Somerville gathers for annual domestic violence vigil, Ballantyne, advocates call for community action

Mayor Katjana Ballantyne speaks at Somerville's Domestic Violence Vigil on Oct 26. Courtesy Greta Hagen
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Members of the Somerville community came together on Wednesday evening for the city’s annual Domestic Violence Vigil, mourning lives lost to domestic violence this year. Held at the West Branch of the Somerville Public Library, the vigil was organized by the Somerville Commission for Women and RESPOND, New England’s oldest domestic violence prevention agency. Mayor Katjana Ballantyne gave opening remarks at the vigil.

“I think we can all agree we wish we didn’t have to be here,” Ballantyne said. “We long for the day that there’s not a single name to be read off a victims list and domestic violence no longer proliferates in our community. But until then, we continue to come out together each October during National Domestic Violence Awareness and Prevention Month to mourn those we’ve lost, speak out about the cause of this enduring crisis, share lifesaving resources and recommit to building a safe, more just world where all people can live free from abuse.”

Speakers at the event also included Stephanie Galaitsi, a commissioner on the Somerville Commission for Women, Maureen DiPaolo, a victim’s advocate for the Somerville Police Department, Crystal Turner, a co-chair of the Somerville Commission for Women and Victoria Helberg, CEO of RESPOND Inc. The event concluded with a reading of victims’ names and a moment of silence.

“Yes, we’re here at the vigil to mourn. But let’s keep in mind what the word ‘vigil’ means. The word ‘vigil’ itself comes from the Latin word for ‘awake,’ and all of its meanings include the idea of watchfulness,” Turner told the audience. “So with that being said, let us remember to be watchful. Let us be on guard and be alert. Let us remember to advocate for those who need it the most. It’s our hope and belief that we can change the statistics and to break the cycle to create a space where a home can truly be a home.”

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According to statistics from the National Coalition Against Domestic Violence, approximately 1 in 4 women and 1 in 7 men have been severely physically abused by an intimate partner in their lifetime. However, these statistics only refer to bodily harm; domestic abuse encompasses many forms of violence beyond the physical, including financial abuse, emotional abuse and verbal abuse. 

“Domestic violence is about power, coercion and control,” Greta Hagen, director of philosophy and engagement at RESPOND, said in an interview with the Daily. “It could look like a lot of different things … it really is about one person taking control over the decisions that belong to somebody else.” 

While the phrase “domestic violence” might evoke images of older, married couples fighting in their homes, it is also present among college populations, including Tufts’ campus. Tufts’ Center for Awareness, Resources and Education, a free, confidential resource, offers trauma-informed emotional support to students coping with domestic abuse, whether at home or at Tufts.

“Primarily what I see is the dating violence,” Alexandra Donovan, director of Tufts’ CARE team, explained. “Students that are in relationships that are extremely controlling, both physically dangerous as well as ones that don’t include physical violence but that include everything else that you could possibly imagine: emotional abuse, verbal abuse, psychological abuse, controlling behaviors.”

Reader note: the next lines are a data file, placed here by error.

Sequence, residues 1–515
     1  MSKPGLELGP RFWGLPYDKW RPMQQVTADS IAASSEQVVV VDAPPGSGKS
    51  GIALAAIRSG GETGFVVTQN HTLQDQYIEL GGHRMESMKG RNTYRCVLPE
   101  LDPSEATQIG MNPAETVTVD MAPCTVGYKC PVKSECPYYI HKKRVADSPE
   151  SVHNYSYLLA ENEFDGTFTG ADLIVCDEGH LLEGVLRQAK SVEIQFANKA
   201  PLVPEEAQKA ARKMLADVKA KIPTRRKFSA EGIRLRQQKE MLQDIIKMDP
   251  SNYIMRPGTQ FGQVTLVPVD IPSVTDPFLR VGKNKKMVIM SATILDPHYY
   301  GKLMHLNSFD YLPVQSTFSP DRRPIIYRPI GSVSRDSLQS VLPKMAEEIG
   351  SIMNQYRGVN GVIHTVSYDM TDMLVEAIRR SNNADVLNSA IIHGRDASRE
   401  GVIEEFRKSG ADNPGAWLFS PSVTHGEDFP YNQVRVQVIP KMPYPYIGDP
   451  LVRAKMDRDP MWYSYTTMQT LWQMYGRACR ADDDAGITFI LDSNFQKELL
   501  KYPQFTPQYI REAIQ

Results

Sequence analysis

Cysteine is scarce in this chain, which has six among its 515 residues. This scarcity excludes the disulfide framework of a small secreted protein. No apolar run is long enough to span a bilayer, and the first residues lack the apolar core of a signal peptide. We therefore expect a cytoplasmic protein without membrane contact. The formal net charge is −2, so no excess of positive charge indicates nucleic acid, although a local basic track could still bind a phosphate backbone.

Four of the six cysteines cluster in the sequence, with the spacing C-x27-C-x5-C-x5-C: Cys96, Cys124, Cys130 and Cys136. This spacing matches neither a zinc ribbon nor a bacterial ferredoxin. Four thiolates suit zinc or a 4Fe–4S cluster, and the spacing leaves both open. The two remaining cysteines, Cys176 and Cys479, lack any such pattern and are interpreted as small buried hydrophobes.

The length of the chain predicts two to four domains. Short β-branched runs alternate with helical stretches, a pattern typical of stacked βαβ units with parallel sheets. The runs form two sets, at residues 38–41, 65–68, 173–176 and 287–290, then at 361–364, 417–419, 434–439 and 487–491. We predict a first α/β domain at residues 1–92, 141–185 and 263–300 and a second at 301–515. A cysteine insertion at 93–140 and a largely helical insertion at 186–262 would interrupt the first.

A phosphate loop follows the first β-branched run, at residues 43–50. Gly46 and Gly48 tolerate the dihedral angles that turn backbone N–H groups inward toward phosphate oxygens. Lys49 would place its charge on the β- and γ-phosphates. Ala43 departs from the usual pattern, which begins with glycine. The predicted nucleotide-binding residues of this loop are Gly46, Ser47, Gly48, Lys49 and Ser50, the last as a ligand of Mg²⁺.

Students can help combat domestic violence on campus, Donovan said, by first noticing its signs: Has your friend withdrawn from spending time with you or talking to you? Are they having frequent mood swings? Are they still doing the things that they love? Do they have any physical marks that are unexplainable? 

“Bring it up to [your friend] in a place that you’re both comfortable, in a way that’s private,” Donovan advised. “Bring it up to them that you’re concerned, and specifically mention the behaviors that you’re concerned about. … Let them know that you’re there, that you’re concerned, and that you will always be there, no matter what.”

Recent legislative action at the state level aims to prevent domestic violence. RESPOND has joined forces with Jane Doe Inc., a coalition of domestic violence and sexual assault centers across Massachusetts, to advocate for the Healthy Youth Act, which would mandate comprehensive, gender-affirming curricula in public schools offering sex education. The proposed curricula would devote particular focus to teaching students about what healthy relationships look like. In 2017, the Massachusetts State Senate overwhelmingly passed the Healthy Youth Act, but it has yet to pass through the House.

“Voting and getting involved with policy that does support survivors and that supports funding for survivor services … is one way to be an active or empowered bystander or upstander,” Hagen said.

At the vigil, Ballantyne emphasized the importance of breaking the stigma around discussing and addressing domestic violence. 

“I can offer one call of action: talk about [domestic violence],” Ballantyne said. “Talk about its prevalence, talk about resources available, talk about harmful behaviors and patterns. Because domestic violence thrives in silence … speaking up is hard. It can be really hard. But the more we do so openly and candidly, the more we can change the narrative about what domestic violence is, support those who are experiencing it and ultimately prevent it entirely.”

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